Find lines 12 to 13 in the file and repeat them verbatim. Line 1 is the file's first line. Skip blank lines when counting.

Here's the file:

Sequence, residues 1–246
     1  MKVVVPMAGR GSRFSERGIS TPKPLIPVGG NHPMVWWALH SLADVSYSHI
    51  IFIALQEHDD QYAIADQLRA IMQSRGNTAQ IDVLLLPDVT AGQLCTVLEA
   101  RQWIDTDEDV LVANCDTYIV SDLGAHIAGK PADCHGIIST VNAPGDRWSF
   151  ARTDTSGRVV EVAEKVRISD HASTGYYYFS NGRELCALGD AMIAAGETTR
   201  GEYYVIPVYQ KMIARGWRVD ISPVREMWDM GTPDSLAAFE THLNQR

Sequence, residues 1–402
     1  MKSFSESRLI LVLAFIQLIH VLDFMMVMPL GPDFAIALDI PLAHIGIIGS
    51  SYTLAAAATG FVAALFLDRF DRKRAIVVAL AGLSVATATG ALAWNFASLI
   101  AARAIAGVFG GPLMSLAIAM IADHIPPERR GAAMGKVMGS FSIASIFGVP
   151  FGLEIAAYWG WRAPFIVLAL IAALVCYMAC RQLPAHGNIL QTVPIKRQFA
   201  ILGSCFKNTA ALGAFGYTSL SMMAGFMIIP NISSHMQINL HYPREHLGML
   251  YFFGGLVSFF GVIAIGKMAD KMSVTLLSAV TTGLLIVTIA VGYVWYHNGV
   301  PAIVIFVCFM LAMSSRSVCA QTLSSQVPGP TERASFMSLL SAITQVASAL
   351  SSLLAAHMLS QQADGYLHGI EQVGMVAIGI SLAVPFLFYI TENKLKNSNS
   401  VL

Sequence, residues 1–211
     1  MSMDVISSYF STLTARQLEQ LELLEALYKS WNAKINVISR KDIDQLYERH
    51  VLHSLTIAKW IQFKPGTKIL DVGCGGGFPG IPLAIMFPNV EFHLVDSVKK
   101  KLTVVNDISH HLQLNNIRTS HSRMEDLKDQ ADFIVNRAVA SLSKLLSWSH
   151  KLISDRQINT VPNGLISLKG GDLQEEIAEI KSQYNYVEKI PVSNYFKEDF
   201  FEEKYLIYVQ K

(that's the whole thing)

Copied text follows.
   201  ILGSCFKNTA ALGAFGYTSL SMMAGFMIIP NISSHMQINL HYPREHLGML
   251  YFFGGLVSFF GVIAIGKMAD KMSVTLLSAV TTGLLIVTIA VGYVWYHNGV